Ownership Economy | June 19, 2024

Through small business acquisitions, New Majority aims to create ownership access for underrepresented entrepreneurs

Roodgally Senatus
ImpactAlpha Editor

Roodgally Senatus

An impact buyout fund is helping aspiring business owners in US cities acquire profitable, cash-flowing small businesses as a pathway to asset ownership. Rather than launching risky startups, which often fail in their first couple of years, New Majority Capital helps operators buy existing ones with real customers and revenues. 

Small business ownership through acquisition isn’t new, but the Rhode Island-based impact private-equity firm emphasizes inclusive business ownership as a strategy for bridging wealth gaps. The “silver tsunami” of retiring small business owners, who represent roughly $14 trillion in enterprise value, presents a major wealth-transfer opportunity in the next decade or so. 

“This is a one time opportunity to help take an existing good cash flow generating business, treat it as an asset and help transition ownership of that asset to an underrepresented entrepreneur,” says New Majority’s Havell Rodrigues.

With its new buyout fund, New Majority aims to meet the upfront capital needs of a pipeline of 100 trained and vetted entrepreneurs from diverse backgrounds, including Black and other people of color, women, LGBTQ people, immigrants and other economically-disadvantaged individuals. The fund will combine financing from banks, community development financial institutions, or CDFIs, and/or the U.S. Small Business Administration’s 7(a) loan program to help the entrepreneurs purchase businesses. 

“Most people who buy a business already own real estate and they use their real estate as collateral to go buy a business. But if you don’t own real estate, then you’re stuck,” Rodrigues told ImpactAlpha. With access to business ownership, new owners can use excess cash flows of their business “to go and buy real estate,” he added.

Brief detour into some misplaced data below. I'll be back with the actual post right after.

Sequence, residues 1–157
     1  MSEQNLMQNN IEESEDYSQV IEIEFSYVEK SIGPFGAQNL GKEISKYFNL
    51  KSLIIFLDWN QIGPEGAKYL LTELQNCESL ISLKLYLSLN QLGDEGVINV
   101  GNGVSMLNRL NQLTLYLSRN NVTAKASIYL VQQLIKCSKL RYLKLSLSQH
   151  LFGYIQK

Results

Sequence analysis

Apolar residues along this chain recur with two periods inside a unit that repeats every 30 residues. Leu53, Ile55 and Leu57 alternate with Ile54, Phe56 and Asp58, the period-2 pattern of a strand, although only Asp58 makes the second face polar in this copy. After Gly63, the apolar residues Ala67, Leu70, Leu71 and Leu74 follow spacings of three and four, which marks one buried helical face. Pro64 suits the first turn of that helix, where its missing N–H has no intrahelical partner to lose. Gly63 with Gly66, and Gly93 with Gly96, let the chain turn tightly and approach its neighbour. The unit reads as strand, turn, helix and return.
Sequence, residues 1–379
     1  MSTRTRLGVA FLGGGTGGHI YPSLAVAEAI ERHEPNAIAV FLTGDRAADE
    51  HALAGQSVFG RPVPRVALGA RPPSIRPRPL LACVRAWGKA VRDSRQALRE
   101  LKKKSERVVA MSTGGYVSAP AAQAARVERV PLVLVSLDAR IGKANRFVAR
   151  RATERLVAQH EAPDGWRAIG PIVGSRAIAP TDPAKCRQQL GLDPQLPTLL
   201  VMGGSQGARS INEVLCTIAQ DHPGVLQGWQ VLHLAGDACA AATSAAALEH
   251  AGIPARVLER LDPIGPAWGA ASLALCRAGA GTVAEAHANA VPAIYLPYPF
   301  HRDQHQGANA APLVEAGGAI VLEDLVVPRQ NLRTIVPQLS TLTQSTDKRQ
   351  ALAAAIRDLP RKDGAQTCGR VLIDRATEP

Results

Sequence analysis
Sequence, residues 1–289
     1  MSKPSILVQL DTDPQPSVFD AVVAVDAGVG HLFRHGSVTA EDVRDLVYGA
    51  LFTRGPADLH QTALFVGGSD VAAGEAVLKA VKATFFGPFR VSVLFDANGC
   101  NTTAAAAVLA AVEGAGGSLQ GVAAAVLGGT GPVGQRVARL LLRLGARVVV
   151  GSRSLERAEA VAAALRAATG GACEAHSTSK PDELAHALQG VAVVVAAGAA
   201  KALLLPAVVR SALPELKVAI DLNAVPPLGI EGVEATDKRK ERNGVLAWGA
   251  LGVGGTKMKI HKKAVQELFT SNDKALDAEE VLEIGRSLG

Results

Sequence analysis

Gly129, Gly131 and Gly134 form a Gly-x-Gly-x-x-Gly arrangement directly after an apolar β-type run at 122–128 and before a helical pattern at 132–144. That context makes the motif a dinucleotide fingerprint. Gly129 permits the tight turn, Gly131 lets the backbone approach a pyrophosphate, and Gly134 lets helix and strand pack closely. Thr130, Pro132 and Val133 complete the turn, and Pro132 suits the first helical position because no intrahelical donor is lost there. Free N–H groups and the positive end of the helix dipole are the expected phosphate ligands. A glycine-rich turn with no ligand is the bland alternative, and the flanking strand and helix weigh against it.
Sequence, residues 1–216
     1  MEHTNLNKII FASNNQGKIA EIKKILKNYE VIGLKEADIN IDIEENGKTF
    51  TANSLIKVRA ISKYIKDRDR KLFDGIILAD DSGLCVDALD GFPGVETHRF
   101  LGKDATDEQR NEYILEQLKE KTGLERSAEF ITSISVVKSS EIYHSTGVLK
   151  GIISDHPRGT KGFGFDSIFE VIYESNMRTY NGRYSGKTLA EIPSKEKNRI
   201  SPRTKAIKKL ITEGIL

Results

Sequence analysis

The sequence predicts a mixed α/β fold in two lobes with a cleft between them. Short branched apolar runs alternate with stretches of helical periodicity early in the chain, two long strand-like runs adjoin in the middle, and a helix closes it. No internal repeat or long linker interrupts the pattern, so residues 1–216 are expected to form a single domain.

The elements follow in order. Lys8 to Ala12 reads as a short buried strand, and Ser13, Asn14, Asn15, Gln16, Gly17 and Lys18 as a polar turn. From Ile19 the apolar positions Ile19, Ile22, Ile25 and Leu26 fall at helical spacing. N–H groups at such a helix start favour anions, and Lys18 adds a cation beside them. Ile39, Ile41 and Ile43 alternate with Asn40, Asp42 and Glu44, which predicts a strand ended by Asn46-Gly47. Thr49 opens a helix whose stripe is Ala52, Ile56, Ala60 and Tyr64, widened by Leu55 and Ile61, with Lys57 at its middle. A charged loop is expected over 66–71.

New Majority is looking to raise $50 million to provide equity capital to at least 50 entrepreneurs to acquire small businesses. The fund has secured approximately $5 million in commitments, including from Palo Alto, Calif.-based Skoll Foundation

New Majority’s strategy “offers an equity-centered, non-extractive approach to support underrepresented entrepreneurs and reduce barriers to asset ownership, which is key to building wealth but remains systemically out of reach for many,” Skoll’s Liz Diebold told ImpactAlpha.

“We hope the Skoll Foundation’s investment will enable New Majority Capital to demonstrate high-impact deals that prove out the thesis that small business asset ownership can close wealth gaps,” she says. 

Ownership accelerator

New Majority has helped 15 entrepreneurs in Providence, Atlanta, DC and other US cities acquire small businesses thus far. The entrepreneurs receive training from the firm’s bETA accelerator, a 10-week program designed to provide training on how to acquire, run and scale an existing small business. 

Rodrigues says these are small businesses that are bringing in between $2 million and $10 million in yearly revenue, and because of their smaller sizes and lack of economic viability, they’re often overlooked by Employee Stock Ownership Plans, or ESOPs, and Employee Ownership Trusts, or EOTs. To drive profit sharing among employees, owners that receive capital from New Majority agree to allocate 10% of their company’s annual profits to their employees.